Note from Michael: Yes, I know you are not the same person. Although readers cannot see emails, they are required for posting so I know you are not the same person. I have started to wonder if maybe you have a child in residential and so feel like I am attacking you. If that is the case, I really don’t judge parents who send their children to residential because like I said in my last response to you, I know it isn’t a choice. No parent would ever willingly do it. What I judge is the system that forces parents into that decision, not the system itself. It is possible to have 24 hour 7 day a week in home support, but that is expensive and nobody wants to do it. I really have never insulted parents who sent their children to residential. I have insulted peopled like “Concerned” who want me to do it with no concern for Jani’s welfare.

    “Concerned” has had an axe to grind with me for a while. He/she said they called “protective services.” I doubt this, both because they don’t even know what child protective services is called in LA County (The Department of Child and Family Services), and because I can’t for the life of me figure out what the reason for doing so would be. At any length, nobody has come out, but it wouldn’t bother me. We have been investigated by DCFS three times and we just cooperate because we have nothing to hide. If you can’t tell from this blog, our life is an open book.

    Anyway, I do have a tendency to get melodramatic and that’s what I was doing when I was saying I would rather be homeless than put Jani is residential. We won’t be homeless. We will never be homeless. And as you saw I went through why Jani isn’t in residential and it isn’t all because of me.

  9. Michael is absolutely right, everyone. Homelessness is definitely better than residential treatment for a child suffering from mental illness. And it will be okay, because the Schofield’s have two cars, so they can continue living separately! I’m sure keeping turtles alive in a car might be difficult, but, dammit, they’ll find a way!

    Why should Michael have to show us actual evidence and cites of abuse in RTC? We should all just take his word for it, because Michael has a MASTERS DEGREE and he really knows more about everything than anyone else ever! And, really, isn’t it better that a child be abused by a loving parent (shaken as an infant, hit as hard as a grown male can hit, starved, and made witness to spousal abuse, etc.) than strangers? I think we can all agree, that’s the way.

    No, it’s really best that Michael hold on to his unreasonable expectations and principles than actually doing anything that might benefit his children. That’s what loving parents do! Gotta hold on to that integrity. And, after all, Michael is doing plaything he can to assure his family’s survival. He’s begging strangers on the Internet for money! What more could be asked of him? Surely he can’t be expected to pay his own bills?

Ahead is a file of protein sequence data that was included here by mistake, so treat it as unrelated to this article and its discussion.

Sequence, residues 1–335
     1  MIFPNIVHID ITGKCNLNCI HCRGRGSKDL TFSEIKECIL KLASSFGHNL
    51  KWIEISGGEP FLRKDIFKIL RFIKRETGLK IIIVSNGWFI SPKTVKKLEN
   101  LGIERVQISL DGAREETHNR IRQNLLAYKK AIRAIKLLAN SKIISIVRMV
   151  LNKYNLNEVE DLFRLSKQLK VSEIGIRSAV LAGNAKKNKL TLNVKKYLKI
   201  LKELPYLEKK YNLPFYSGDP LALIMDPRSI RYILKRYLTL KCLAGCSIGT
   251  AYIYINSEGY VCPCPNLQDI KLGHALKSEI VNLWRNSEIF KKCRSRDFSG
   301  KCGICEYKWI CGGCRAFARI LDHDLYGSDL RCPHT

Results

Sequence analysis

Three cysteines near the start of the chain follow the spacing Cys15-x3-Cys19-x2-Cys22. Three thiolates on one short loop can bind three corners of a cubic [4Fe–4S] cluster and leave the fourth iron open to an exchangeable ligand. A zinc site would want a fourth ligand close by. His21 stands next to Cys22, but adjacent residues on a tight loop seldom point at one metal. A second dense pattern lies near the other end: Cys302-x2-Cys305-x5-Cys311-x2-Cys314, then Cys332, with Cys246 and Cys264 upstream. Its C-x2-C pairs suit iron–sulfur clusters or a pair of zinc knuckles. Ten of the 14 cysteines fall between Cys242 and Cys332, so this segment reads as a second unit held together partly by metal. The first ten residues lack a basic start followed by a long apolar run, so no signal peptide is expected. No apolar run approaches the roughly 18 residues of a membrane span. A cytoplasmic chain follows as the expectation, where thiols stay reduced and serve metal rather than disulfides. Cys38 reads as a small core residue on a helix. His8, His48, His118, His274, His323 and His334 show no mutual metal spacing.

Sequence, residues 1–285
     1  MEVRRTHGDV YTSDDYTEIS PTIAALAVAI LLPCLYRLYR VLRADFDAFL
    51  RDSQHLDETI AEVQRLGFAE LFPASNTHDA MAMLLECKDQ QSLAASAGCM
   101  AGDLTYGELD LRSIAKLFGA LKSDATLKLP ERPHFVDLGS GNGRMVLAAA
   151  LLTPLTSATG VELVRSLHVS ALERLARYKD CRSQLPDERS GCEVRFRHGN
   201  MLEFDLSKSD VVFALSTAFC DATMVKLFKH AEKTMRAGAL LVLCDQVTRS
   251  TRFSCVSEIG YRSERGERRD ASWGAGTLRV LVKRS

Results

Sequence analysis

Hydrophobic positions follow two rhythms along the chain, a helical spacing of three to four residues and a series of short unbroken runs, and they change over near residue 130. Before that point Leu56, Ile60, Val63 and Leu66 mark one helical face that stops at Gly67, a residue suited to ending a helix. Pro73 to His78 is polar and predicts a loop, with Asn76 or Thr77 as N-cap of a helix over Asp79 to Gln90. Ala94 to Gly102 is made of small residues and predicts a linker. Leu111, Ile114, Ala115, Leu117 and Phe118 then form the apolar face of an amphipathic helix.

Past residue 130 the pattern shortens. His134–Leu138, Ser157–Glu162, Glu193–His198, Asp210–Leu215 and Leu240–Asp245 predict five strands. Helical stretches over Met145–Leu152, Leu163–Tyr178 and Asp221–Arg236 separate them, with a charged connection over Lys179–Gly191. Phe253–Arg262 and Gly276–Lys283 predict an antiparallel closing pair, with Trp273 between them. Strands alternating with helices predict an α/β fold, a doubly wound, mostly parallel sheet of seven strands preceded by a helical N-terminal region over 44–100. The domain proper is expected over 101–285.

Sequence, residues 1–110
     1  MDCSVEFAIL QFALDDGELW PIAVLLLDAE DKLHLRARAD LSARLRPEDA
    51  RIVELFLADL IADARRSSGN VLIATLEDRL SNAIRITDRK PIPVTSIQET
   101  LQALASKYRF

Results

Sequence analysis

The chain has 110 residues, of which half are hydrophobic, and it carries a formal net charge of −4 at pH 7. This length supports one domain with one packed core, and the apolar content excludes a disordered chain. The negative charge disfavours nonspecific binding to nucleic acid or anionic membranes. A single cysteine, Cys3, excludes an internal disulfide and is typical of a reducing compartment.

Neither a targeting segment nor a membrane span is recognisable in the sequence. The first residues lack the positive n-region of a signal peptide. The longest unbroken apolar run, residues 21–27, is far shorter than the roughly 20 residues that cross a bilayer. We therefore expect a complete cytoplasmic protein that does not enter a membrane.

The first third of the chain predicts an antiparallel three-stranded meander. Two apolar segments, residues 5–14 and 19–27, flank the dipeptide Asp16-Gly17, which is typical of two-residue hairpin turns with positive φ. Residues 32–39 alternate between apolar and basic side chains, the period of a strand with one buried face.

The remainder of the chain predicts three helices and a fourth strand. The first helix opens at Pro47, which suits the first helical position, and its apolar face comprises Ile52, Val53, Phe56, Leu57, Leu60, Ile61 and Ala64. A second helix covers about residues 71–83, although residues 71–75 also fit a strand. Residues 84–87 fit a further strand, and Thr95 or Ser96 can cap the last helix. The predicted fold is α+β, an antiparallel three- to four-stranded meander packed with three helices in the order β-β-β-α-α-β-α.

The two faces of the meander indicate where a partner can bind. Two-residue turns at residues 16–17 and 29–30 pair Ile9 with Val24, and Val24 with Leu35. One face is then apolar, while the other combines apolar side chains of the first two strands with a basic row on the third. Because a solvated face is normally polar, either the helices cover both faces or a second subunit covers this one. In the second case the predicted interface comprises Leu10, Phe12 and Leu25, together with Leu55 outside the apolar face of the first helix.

But before I go, just a small hint to all of Michael’s dear readers – Google Steve Truitt. That man don’t come cheap.

    Note from Michael: Sigh…

    First, to everybody else, don’t bother replying. I banned this user’s IP address. I was just getting tired of dealing with him or her (suspect a him) when I have real people I need to help.

    But to answer his points, which I have already done….

    1. You keep bringing up that Master’s Degree. Does that threaten you somehow? It appears to. Even in your other comments and other names that you have used to attack me before, you bring that up. I don’t think anybody in their right mind thinks an advanced college degree automatically makes one worth listening to or automatically a better person. I have it because I needed it to teach. I needed it to work. I still need it to work. It was the only way I could be an instructor. But I can assure you when you get an advanced degree, you are still you. I am still me. What I write, what I believe, would not change if I only had a high school diploma. My level of education gives me no inherent ethos (look it up).

    2. You want evidence of abuses in RTCs? Go here: http://www.facebook.com/janifoundation. Lots of stories there of abuse in RTCs, most of which are quite recent. Call it abuse, call it “substandard care.” It’s all the same thing. By the way, I don’t right those posts. The Jani Foundation Facebook page is an open page. People post their experiences and struggles.

    3. You are still dragging up the old “about me” page on my old website http://www.januaryfirst.org, aren’t you? When you brought that up, it was clear that your purpose was not defend residentials. It was to smear me. But again you forget that you are not exposing anything. Everything you think you know you know because I made that information public.

    a)Shaking her as a baby: Yes, that happened once. I have to live with that. She wasn’t sleeping at all but that is no excuse. You are free to attack me for that. I deserve that. However, I would like to think I have done more good than bad in the world.

    b) “Starving her:” That never happened and I have explained that before. Jani was and is a picky eater. Doctors, back when they still thought this was behavioral, would tell us to put food in front of her and if she didn’t eat it tell her that was all there was. If she still didn’t eat it, send her to bed. Their belief was that eventually she would give in once she got hungry enough.

    She didn’t.

    She started to lose weight. So we stopped. And now we feed her whatever she wants.